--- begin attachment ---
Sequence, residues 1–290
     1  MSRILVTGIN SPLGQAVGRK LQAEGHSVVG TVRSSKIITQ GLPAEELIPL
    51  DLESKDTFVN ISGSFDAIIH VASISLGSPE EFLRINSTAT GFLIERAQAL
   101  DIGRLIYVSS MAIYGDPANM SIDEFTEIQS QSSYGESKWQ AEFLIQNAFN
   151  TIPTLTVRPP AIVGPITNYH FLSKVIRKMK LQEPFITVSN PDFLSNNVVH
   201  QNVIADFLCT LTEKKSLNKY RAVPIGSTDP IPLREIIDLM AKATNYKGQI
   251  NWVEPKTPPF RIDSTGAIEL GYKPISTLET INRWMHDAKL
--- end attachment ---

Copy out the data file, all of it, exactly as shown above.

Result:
Sequence, residues 1–290
     1  MSRILVTGIN SPLGQAVGRK LQAEGHSVVG TVRSSKIITQ GLPAEELIPL
    51  DLESKDTFVN ISGSFDAIIH VASISLGSPE EFLRINSTAT GFLIERAQAL
   101  DIGRLIYVSS MAIYGDPANM SIDEFTEIQS QSSYGESKWQ AEFLIQNAFN
   151  TIPTLTVRPP AIVGPITNYH FLSKVIRKMK LQEPFITVSN PDFLSNNVVH
   201  QNVIADFLCT LTEKKSLNKY RAVPIGSTDP IPLREIIDLM AKATNYKGQI
   251  NWVEPKTPPF RIDSTGAIEL GYKPISTLET INRWMHDAKL